Point in Time Count finds people living at Snowcreek Athletic Club
The Federal Department of Housing and Urban Development [HUD] mandates that communities count their homeless populations every year on the same day. That day was Thursday, January 24, 2019. Volunteers in every municipality in the United States went out in the night and interviewed those living without a home.
In Mono, Inyo, and Alpine counties, this “Point-In-Time Count”, as it’s called, was headed by the Eastern Sierra Continuum of Care [ESCOC], a subsidiary of Inyo Mono Advocates for Community Action [IMACA], Inc.
The results of the count will not be finalized for another two to three weeks, according to IMACA Housing and Planning Director Larry Emerson.
“I am not sure how this year is going to pan out,” Emerson said. “I’ve heard people say there are less [homeless than last year], and I’ve heard people say there are more.”
The volunteers of the ESCOC used a HUD issued form to interview homeless people.They asked their interviewees for demographic information, information on how long they have been homeless, and personal information regarding risk factors. Examples of personal questions were, “Are you HIV positive,” or “Do you drink alcohol or use drugs?”
County Supervisor Jennifer Halferty, who volunteered for the count, said that the people she interviewed were all approachable.
“Everybody wants to tell their story,” she said.
If for whatever reason a person does not want to tell their story, or if they are asleep or unreachable, the volunteers can fill out an observational report where they infer what they can about a person.
In addition to the one night count on January 24, ESCOC conducts a “service based count” for the following seven days, ending on Thursday, January 31. This process asks any person who might come in for social services provided by IMACA or one of its partners if they were homeless on January 24. The ESCOC asks people for their initials in an attempt to prevent duplicate counting. The partners include organizations like Mono County Behavioral Health, Mammoth Lakes Housing, and Mammoth Mountain Staff Accommodations.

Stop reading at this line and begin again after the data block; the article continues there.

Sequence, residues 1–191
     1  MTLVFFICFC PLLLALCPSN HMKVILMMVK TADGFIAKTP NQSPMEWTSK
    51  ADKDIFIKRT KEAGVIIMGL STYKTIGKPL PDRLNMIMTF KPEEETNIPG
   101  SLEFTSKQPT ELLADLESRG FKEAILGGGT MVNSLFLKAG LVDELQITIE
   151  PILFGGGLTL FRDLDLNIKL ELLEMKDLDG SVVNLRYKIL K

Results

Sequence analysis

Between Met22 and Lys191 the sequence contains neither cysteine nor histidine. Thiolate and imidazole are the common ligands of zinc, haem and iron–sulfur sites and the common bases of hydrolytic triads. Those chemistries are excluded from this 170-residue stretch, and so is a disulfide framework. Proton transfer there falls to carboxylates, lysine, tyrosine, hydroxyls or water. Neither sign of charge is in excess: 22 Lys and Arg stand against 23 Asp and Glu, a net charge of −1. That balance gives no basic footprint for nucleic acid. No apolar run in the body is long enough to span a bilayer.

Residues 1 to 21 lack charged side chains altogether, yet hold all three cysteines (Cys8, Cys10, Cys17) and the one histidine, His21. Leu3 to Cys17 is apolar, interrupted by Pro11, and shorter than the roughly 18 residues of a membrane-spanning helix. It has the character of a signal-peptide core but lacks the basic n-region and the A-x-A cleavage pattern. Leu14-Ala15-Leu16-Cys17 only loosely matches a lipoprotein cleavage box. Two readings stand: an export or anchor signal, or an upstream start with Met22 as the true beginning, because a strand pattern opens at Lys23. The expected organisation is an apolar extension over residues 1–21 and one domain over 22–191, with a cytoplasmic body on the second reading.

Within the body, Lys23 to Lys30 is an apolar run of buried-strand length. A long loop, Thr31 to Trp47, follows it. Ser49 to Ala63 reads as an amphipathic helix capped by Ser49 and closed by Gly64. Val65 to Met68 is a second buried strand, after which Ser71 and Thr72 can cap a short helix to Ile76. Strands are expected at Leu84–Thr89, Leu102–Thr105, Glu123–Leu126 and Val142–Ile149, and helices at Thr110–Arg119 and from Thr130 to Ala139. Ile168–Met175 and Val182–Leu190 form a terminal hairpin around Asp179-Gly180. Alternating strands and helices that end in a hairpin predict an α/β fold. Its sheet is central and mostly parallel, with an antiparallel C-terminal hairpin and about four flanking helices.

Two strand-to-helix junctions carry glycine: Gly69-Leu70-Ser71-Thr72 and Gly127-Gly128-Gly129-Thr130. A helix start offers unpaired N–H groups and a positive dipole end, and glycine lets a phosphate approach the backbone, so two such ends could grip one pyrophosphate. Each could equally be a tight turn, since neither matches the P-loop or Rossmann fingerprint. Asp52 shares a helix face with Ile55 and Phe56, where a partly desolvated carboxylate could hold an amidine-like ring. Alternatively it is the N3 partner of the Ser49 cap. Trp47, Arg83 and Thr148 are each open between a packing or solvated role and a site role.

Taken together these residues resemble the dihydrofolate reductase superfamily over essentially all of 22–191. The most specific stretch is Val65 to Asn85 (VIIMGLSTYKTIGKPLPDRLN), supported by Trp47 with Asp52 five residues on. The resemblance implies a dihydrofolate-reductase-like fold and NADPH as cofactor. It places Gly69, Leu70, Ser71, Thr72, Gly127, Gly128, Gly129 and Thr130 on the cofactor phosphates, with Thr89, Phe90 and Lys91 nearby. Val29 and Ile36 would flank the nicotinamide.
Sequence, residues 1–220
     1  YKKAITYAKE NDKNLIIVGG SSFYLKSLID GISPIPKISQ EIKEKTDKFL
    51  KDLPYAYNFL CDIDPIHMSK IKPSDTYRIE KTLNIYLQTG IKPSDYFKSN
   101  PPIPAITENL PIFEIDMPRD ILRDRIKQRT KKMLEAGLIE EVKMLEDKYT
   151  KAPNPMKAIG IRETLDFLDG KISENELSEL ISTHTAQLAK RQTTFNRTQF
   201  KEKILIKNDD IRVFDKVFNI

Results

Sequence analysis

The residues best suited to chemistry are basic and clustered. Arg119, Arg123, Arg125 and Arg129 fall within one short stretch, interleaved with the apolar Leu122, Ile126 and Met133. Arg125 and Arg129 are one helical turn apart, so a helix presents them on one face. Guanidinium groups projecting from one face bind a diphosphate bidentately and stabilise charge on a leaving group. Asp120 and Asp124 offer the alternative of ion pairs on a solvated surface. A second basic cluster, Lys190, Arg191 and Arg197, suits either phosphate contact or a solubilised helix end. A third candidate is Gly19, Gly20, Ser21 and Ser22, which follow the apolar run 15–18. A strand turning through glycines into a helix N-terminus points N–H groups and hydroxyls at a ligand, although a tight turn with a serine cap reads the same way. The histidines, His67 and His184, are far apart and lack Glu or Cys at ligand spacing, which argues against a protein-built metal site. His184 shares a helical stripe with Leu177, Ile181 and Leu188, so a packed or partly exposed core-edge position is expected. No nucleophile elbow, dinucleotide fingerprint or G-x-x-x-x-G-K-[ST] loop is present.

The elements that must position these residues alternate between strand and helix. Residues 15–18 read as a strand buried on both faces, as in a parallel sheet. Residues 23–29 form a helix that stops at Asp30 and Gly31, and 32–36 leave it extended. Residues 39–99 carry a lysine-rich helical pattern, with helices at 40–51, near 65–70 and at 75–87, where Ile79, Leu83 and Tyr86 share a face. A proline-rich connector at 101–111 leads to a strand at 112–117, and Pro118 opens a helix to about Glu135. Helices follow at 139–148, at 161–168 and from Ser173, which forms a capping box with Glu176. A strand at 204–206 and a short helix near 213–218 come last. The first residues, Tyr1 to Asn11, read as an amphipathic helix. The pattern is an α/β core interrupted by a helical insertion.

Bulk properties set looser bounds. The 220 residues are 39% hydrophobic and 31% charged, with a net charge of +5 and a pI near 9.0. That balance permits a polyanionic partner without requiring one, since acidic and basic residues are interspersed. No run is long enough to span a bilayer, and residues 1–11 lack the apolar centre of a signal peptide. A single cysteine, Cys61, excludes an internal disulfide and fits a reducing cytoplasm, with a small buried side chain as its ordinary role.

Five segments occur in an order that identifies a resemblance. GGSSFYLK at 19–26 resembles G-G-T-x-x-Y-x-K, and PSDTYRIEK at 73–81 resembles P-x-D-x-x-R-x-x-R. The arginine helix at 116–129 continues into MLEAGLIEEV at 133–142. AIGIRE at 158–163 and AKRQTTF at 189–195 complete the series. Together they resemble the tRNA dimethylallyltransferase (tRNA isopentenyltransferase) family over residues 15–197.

In 2017, the ESCOC counted 121 people: 0 in Alpine County, 120 in Inyo, and 1 in Mono. In 2018, the total was 157: 0 in Alpine, 110 in Inyo, and 47 in Mono.
The reason for the dramatic increase in Mono County from 2017 to 2018 was simply improved counting efficiency.
“Two years ago we didn’t do a good count,” Halferty said. “The weather was bad and we weren’t well organized.”
The majority of homeless people in Mono County live in their cars, according to Emerson. Halferty said that last year they discovered that many people were living in their cars near Snowcreek Athletic Club and use the club to shower and change. This was true for the 2019 count as well.
“One of the people who we interviewed who lives out of their car said that 40-60 people who live in their cars use Snowcreek’s facilities,” said Halferty.
Halferty also said that there were noticeably more people this year living in their cars on the Mammoth Scenic Loop and around Ormat’s geothermal plant than last year.
“I haven’t seen the figures but I would assume they are up,” she said.
In order to incentivize people to take part in the survey, the volunteers gave out gift bags. These bags included essentials like deodorant, toothpaste, a beanie or a blanket, and a gift card to the nearest supermarket.
Halferty thinks that this count is a crucial step towards alleviating a statewide crisis.
“California has a problem with homelessness,” Halferty said. “Governor Newsom’s draft budget allocated a lot of money for homelessness.”
As for Mono County’s homeless population, Halferty believes that the high price of housing has everything to do with it.
“People think a car is more economical, but I think if they could find a place that is reasonably priced, they would rather have indoor plumbing.”